Bridal Jewelry Going Less Traditional
Wed, 05/26/2010
Special To The Jewish Week
This Negrin necklace is made of clusters of crystals. Inset: A lyrical necklace from the Hedya Design Studio.
This Negrin necklace is made of clusters of crystals. Inset: A lyrical necklace from the Hedya Design Studio.

Jerusalem — On their wedding 

             day, brides wear the most beautiful

     jewelry they can buy or borrow. To the groom, his finance’s deliberations over which necklace or headpiece to wear can feel like an obsession.  

While many Israeli women, especially if they are very religious, continue to choose traditional strands of pearls or a diamond pendant with matching earrings for their wedding day, an increasing number of Israeli brides are going the less-traditional route. 

Israeli jewelry designers who create off-beat or one-of-a-kind pieces say business has never been so good. They attribute the demand to the growing sophistication of Israeli consumers, especially young Israelis who routinely travel abroad following their army service or for work, and see the latest American and European designs on TV. 

Itzhik Sasson, the founder of the Trukiz 925 jewelry design studio, has clients from Jerusalem, Tel Aviv and far beyond. Turquoise, Shashon’s store on Yoel Solomon Street in the heart of Jerusalem, always seems to be full of both religious and secular couples looking for the perfect ring among his wide assortment of handmade engagement rings and pink, yellow and white gold wedding bands.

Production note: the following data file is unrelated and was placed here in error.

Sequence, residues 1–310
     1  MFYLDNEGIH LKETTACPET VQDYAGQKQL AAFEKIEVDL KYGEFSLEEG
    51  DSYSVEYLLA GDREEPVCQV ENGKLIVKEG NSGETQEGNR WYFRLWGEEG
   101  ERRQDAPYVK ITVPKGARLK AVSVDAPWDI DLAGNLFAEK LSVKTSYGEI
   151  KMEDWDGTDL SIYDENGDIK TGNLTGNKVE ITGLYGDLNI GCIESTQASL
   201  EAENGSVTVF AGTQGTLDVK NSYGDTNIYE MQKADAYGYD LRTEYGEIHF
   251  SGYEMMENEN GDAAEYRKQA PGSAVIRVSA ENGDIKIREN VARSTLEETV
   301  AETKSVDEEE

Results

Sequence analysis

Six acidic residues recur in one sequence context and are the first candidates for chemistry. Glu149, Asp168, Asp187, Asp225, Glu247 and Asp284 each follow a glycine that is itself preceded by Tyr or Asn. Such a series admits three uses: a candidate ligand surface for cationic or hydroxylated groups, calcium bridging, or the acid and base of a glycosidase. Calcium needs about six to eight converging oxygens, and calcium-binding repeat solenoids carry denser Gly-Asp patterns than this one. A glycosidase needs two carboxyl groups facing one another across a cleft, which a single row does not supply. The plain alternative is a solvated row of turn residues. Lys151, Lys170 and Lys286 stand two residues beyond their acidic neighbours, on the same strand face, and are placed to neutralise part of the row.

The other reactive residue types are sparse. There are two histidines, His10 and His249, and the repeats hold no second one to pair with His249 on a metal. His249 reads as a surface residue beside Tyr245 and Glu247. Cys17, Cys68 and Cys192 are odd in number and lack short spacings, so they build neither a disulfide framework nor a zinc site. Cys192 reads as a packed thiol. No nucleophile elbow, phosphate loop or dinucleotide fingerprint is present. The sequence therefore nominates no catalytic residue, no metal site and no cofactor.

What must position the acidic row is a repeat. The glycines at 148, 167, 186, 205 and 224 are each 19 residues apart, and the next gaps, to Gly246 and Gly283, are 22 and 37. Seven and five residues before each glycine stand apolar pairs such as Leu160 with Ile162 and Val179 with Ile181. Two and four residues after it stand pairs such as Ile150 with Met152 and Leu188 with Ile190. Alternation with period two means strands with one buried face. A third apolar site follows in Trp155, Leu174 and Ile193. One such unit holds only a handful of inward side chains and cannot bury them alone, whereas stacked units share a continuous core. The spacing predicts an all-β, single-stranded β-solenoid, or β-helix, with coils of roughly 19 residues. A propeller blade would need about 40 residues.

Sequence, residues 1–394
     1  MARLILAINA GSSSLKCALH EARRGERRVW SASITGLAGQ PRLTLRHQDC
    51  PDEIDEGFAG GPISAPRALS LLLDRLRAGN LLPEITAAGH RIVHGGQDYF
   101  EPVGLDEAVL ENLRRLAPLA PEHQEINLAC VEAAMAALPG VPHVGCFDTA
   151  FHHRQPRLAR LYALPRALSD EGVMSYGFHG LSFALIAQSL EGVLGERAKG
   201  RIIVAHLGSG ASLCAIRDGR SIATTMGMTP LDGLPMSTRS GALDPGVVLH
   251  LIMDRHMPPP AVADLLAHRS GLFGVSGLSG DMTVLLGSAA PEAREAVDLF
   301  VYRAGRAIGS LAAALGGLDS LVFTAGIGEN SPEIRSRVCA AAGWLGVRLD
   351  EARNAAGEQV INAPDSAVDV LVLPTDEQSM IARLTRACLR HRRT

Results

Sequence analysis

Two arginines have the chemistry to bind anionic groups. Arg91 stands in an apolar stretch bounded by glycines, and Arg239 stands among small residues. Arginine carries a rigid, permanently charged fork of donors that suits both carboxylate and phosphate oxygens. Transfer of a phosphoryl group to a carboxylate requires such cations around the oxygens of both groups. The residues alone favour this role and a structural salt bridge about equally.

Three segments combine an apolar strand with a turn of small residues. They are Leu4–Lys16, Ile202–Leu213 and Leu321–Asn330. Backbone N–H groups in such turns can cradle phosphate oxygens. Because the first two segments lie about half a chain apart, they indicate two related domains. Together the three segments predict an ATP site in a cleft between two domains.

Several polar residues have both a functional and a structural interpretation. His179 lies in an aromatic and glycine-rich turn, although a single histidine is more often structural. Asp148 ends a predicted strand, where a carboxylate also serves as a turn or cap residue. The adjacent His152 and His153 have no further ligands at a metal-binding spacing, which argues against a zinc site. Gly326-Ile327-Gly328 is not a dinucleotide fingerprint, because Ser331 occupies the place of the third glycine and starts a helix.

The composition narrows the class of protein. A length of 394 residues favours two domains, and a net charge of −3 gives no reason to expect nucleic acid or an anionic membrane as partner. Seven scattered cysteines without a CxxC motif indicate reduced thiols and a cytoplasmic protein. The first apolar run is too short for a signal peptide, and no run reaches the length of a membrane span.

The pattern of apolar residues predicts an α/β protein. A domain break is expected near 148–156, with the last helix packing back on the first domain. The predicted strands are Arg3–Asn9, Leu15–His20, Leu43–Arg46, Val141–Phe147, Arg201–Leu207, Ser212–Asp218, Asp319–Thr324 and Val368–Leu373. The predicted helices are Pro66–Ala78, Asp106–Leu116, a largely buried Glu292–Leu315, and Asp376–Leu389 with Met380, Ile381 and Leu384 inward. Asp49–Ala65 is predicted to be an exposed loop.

Sasson’s jewelry is sleek but classic. Each piece, including the most traditional of wedding rings, has a clean-lined simplicity. 

“I often envision fire and water while designing, and I think this creates fluidity,” Sasson said while greeting customers. “My jewelry is very free form — more Tel Aviv than Jerusalem in some ways.”

Perhaps, but it also attracts many young Jerusalem yeshiva couples, who gravitate towards simpler, relatively unadorned wedding bands and engagement rings with semi-precious stones rather than diamonds. 

“Their parents usually buy the rings and they have many children to marry off, so there are financial considerations,” Sasson said.   

Sasson has a loyal clientele from overseas, who discovered his workshop during visits to Jerusalem. He doesn’t yet have a website. 

“They call and say, ‘Itzhik, find something for my wife and send it to me,’” Sasson said. 

Though a much larger operation than Turkiz 925, Michal Negrin Designs also has a loyal customer base both within and outside Israel.  

Sensing that her thriving company’s shimmery, romantic designs would appeal to brides, Israeli designer Negrin launched a bridal line 15 years ago that has proved “very successful,” according to Nilit Ascher, the company’s director of marketing. 

The Negrin empire, which includes 50 stores — four in the U.S., including one in Atlantic City — began as a booth at the popular Nahalat Binyamin crafts fair in Tel Aviv. Her bold yet feminine jewelry and clothing, which are manufactured in a factory employing mainly new immigrants, are instantly recognizable to Israeli women.